Benjamin Robertson, Temple University
"Resonance in biological muscle-tendon as a mechanism for elastic limb behavior"
The fields of terrestrial biomechanics and bio-inspired robotics have identified spring-like limb mechanics as critical to stable and efficient gait. In biological systems, distal muscle groups cycling large amounts of energy in series tendons are a primary source of compliance. To investigate the neuromechanical origins of this behavior, we coupled a biological muscle tendon to a feedback controlled servomotor simulating the inertial/gravitational environment of terrestrial gait. This study concluded that by matching stimulation frequency to the oscillation frequency of the passive biomechanical system, muscle-tendon interactions resulting in spring-like behavior occur naturally and do not require closed- loop neural control.
14:50 - 16:30 | Refeshments/ Poster session 1 (Odd Numbered Submissions)
15:05 - 18:00 | Session 1C :
Andre Seyfarth, Institute of Sport Science, Technical University of Darmstadt
"Transferring biomechanical models to robotic and assistive devices: insights and benefits"
In this work we are going to outline a research approach for investigating concepts on legged locomotion with the help of bio-inspired hardware systems such as legged robots and prosthesis. We will explain why hardware models of biomechanical gait concepts are not just a nice feature but do also provide a scientific tool to demonstrate and prove the value of the conceptual insights. Hardware models share properties of conceptual models (being simplified and human-made) and of the biological system (being realistic). Thus they provide a valuable column of the bridge connecting real biological locomotion from conceptual computer simulation models and theories on legged locomotion. With assistive devices this approach can be taken one step further, namely by applying the constructed concepts to the human body and by investigating the interactions between human movement and constructed concept of this very same human motion.
Jonathan Hurst, Mechanical Engineering, Oregan University
"Walking and Running with ATRIAS, a Human-Scale Bipedal Robot"
ATRIAS, our human-scale bipedal robot, is the first machine to reproduce human-like and animal-like ground reaction forces and center-of-mass motion for a bipedal walking gait. This result is due to two key components: First, the machine is designed to exhibit carefully designed passive dynamics based on spring-mass models of animal locomotion. Leg springs, in series with powerful actuators, are mechanical and not implemented through control. They are sized specifically to generate oscillations at the frequency of the gait, and to store gait energy; this is a key difference from many series elastic actuators. Second, the control methods are designed explicitly to rely on the passive dynamics of the machine, and to integrate and work with the spring-mass behavior to generate desired behaviors for agile, efficient, robust walking and running. In this talk, I will discuss the challenge of handling ground impacts and state-dependent controller transitions, as well as our methods of energy regulation, speed regulation, and balance control. I will report on experimental results with ATRIAS, and show videos of ATRIAS walking over flat and rough ground.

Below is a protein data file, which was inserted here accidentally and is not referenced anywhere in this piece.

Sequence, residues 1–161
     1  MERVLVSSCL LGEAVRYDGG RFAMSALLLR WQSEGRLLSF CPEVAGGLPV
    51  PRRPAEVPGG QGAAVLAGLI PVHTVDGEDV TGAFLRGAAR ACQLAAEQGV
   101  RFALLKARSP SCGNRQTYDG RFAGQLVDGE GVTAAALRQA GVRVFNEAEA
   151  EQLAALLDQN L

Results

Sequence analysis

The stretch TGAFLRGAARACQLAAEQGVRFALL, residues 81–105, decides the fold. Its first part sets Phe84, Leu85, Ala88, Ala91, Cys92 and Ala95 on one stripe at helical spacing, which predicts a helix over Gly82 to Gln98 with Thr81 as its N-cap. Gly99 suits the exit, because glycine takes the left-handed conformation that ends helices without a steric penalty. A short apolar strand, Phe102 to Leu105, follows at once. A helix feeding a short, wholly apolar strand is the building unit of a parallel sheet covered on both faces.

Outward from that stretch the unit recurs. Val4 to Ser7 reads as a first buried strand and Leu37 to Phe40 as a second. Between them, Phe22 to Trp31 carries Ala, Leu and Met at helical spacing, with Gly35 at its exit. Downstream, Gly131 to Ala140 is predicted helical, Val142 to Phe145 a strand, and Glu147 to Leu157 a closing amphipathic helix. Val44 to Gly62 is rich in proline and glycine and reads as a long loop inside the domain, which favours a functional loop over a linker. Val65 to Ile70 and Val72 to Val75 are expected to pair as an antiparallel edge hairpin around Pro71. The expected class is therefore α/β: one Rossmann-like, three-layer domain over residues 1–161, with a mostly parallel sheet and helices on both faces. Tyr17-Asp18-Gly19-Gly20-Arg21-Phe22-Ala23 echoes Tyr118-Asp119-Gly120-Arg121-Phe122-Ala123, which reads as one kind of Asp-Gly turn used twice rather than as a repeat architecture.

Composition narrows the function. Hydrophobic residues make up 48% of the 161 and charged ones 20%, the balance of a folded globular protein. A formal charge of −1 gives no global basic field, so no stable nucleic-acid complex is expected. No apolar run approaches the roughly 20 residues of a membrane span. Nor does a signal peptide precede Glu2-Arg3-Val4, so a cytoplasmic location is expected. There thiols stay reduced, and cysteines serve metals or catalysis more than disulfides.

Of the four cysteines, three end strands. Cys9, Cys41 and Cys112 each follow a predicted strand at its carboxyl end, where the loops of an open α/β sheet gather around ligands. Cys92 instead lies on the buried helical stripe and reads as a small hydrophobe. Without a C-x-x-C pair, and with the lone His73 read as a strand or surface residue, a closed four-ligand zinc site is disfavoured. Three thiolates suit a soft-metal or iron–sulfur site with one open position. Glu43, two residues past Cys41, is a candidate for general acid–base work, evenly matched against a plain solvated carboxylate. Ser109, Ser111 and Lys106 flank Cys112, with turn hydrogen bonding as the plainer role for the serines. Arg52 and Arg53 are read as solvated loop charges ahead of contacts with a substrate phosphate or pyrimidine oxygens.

Jonathan Clark, Mechanical Engineering, Florida State University
"Robotic Limb Design for Dynamic, Multi-purpose Behaviors"
Finely tuned robotic limb systems that explicitly exploit their body’s natural dynamics have begun to rival specific performance criteria, such as speed over smooth terrain, of the most accomplished biological systems. The earliest successful robot implementations however, used only very specialized designs with a very limited number of active degrees of freedom. While more flexible, higher degree-of-freedom designs have been around for some time they have usually been restricted to comparatively slow speeds or manipulation of light-weight objects. The design of fast, dynamic multi-purpose robots has been stymied by the limitation of available mechanical actuators and the complexity of the design and control of these systems. This talk will describe recent efforts to understand how to effectively exploit available actuator power and to judiciously add complexity to the design of multi-use limbs to enable dynamic motions in multiple modalities and for dynamical mobile manipulation.
Shai Razven, Electrical Engineering and Computer Science, University of Michigan
"Gait Dynamics as Hybrid Oscillators"
Animal gaits can be viewed as rhythmic body motions which propel the animal with respect to the surrounding substrate. In terrestrial legged locomotion, these can often be represented as periodic solutions of a hybrid dynamical system – a collection of flows spliced together at surfaces representing discontinuities that arise when contact with the ground is established or broken. While hybrid system models have been in use by biomechanists and robot designers for over 30 years, no special attention has been given to hybrid oscillators in particular. I present recent theoretical results suggesting that hybrid oscillators offer unique advantages for control in comparison with similar smooth (non-hybrid) oscillators. I also present the application of Data Driven Floquet Analysis to human running, allowing the construction of predictive models with unprecedented accuracy. The hybrid oscillator perspective on gait dynamics provides a coherent experimental and theoretical framework, allowing insights from animal locomotion to be represented mathematically and carried across into robotic applications.